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Human Rights and Common GoodCollected Essays Volume III$
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John Finnis

Print publication date: 2011

Print ISBN-13: 9780199580071

Published to Oxford Scholarship Online: September 2011

DOI: 10.1093/acprof:oso/9780199580071.001.0001

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The Rights and Wrongs of Abortion

The Rights and Wrongs of Abortion

Chapter:
(p.282) 18 The Rights and Wrongs of Abortion
Source:
Human Rights and Common Good
Author(s):

John Finnis

Publisher:
Oxford University Press
DOI:10.1093/acprof:oso/9780199580071.003.0019

This chapter, written in 1973, offers a response to Judith Thomson's famous proto-feminist attempt to vindicate abortion by a thought-experiment which accepts the humanity of the unborn child. It begins by showing that casting the issue in terms of rights (to life verses to decide what happens in one's body) obscures the underlying question, which (as she belatedly concedes) is about what is morally required. But abortion, at least in most cases, cannot reasonably be assimilated to the range of Good Samaritan problems. The traditional moral discussion of killing is traced, and the traditional casuistry distinguishing justifiable terminations of pregnancy from ‘direct’ abortions is critically analysed (with a partly defective concept of intention). Arguments of Jonathan Bennett and Philippa Foot are considered along the way, as well as Thomson's incidental comparison of the embryo to an acorn. An endnote points the way to rectifying the account of intention.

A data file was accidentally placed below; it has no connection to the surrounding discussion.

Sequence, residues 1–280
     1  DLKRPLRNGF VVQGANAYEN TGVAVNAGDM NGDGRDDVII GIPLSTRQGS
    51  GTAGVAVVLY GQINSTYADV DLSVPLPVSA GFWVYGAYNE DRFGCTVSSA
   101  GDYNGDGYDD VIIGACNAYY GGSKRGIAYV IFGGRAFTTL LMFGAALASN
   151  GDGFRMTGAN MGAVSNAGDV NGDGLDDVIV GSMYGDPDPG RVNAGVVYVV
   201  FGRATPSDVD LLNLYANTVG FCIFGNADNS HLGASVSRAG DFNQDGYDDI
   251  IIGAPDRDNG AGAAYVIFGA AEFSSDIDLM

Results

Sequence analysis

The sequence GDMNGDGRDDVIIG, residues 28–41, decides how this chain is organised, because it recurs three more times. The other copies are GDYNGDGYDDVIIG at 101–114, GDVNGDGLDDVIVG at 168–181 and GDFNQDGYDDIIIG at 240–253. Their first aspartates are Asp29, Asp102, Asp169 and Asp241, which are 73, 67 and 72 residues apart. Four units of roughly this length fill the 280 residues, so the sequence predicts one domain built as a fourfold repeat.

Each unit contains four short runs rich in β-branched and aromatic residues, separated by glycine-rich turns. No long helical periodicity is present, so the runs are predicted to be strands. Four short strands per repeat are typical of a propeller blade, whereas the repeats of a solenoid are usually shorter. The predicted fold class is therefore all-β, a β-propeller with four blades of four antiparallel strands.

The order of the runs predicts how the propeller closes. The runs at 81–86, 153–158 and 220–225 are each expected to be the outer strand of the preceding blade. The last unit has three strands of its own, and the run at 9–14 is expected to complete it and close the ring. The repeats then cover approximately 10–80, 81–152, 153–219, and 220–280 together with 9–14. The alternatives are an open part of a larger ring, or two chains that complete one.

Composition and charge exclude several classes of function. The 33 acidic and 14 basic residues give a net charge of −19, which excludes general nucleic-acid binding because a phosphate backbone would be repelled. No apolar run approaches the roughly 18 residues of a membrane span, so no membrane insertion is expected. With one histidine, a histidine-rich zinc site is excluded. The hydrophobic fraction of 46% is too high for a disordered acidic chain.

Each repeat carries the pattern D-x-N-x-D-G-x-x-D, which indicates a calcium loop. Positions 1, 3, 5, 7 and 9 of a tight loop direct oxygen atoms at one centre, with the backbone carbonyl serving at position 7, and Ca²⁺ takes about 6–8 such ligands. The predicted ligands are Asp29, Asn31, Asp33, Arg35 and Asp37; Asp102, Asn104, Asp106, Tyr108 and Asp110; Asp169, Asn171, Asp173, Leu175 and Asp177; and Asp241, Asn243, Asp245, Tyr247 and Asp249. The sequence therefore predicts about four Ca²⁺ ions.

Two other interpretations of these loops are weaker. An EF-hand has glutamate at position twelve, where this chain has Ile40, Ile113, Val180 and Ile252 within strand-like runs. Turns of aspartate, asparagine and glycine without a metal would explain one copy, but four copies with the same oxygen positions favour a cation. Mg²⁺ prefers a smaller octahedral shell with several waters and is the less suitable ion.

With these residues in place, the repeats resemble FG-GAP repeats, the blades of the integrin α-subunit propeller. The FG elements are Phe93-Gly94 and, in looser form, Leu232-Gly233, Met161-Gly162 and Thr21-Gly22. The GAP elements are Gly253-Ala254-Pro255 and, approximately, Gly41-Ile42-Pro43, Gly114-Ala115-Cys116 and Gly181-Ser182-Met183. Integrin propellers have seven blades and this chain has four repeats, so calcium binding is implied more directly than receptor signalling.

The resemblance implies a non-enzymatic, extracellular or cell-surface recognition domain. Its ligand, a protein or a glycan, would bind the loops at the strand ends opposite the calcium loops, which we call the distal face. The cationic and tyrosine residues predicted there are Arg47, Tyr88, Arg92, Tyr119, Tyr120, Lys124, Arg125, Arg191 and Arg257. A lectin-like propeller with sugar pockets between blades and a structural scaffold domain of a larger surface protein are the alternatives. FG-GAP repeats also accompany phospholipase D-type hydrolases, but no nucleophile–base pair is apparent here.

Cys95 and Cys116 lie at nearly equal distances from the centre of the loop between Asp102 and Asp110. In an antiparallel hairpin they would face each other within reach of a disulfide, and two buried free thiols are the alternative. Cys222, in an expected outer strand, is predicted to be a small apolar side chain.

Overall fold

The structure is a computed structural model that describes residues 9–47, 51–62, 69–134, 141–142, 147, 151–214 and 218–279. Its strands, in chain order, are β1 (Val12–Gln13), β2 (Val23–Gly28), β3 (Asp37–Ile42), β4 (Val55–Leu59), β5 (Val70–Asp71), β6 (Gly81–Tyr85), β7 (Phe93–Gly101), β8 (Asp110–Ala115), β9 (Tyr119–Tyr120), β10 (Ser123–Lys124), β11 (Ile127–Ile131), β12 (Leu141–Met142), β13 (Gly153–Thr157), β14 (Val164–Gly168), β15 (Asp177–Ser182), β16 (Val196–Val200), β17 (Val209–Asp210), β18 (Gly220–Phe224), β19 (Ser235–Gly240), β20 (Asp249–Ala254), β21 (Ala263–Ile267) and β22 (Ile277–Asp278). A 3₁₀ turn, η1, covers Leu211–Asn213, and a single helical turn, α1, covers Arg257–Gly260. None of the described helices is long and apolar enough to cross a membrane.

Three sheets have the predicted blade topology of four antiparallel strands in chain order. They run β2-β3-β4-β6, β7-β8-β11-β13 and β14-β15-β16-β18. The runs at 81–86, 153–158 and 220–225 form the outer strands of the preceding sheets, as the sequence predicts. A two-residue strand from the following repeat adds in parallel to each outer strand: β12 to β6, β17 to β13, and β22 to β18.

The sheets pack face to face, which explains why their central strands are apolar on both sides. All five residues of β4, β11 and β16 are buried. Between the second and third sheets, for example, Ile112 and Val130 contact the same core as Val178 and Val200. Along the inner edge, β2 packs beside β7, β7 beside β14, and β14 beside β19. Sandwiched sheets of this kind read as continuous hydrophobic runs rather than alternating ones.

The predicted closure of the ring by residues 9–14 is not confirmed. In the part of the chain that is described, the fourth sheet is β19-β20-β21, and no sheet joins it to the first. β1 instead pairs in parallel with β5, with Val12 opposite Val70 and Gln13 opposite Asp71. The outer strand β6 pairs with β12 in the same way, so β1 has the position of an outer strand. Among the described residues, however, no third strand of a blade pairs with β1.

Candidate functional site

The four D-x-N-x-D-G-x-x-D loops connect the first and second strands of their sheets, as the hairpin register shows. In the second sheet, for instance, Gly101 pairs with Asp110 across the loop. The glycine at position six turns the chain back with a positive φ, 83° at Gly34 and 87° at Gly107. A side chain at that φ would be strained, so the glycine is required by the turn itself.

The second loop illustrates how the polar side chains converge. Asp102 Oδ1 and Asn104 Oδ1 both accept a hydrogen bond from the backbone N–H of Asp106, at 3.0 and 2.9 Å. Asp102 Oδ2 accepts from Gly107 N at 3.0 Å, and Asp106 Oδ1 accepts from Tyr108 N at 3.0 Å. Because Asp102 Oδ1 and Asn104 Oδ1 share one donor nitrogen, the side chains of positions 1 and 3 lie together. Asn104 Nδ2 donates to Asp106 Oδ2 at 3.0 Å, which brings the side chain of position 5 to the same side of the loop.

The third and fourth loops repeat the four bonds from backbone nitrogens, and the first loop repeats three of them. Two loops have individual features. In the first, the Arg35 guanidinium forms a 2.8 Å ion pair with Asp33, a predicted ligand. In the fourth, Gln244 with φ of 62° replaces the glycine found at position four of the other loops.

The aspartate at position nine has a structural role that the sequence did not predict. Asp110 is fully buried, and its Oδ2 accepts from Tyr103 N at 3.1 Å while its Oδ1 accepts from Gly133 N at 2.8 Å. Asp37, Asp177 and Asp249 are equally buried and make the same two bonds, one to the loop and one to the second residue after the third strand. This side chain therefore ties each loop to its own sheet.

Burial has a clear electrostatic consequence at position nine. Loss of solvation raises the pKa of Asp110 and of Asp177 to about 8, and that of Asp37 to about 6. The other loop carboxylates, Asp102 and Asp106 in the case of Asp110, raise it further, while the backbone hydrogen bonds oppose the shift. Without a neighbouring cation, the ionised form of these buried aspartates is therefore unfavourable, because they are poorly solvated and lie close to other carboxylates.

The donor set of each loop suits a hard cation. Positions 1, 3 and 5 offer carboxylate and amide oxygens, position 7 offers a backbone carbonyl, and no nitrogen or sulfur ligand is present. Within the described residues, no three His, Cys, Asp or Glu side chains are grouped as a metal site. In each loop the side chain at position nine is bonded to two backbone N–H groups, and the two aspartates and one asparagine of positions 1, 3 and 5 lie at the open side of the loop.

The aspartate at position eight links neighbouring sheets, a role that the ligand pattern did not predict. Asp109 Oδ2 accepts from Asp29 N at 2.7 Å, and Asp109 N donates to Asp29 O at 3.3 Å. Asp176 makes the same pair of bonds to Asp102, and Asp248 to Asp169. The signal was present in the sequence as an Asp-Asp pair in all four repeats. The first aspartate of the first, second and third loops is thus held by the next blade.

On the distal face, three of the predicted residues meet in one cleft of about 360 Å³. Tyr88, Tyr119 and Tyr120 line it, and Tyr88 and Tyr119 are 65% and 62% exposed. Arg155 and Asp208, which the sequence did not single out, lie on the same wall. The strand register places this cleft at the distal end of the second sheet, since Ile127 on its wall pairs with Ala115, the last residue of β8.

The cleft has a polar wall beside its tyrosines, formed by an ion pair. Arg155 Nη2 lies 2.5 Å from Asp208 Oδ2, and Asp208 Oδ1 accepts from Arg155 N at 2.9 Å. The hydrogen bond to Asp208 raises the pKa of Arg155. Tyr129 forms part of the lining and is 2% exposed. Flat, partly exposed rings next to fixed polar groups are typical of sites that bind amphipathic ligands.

Keywords:   Judith Thomson, rights, moral requirements, abortion, Good Samaritan problems, direct abortion, intention, Philippa Foot

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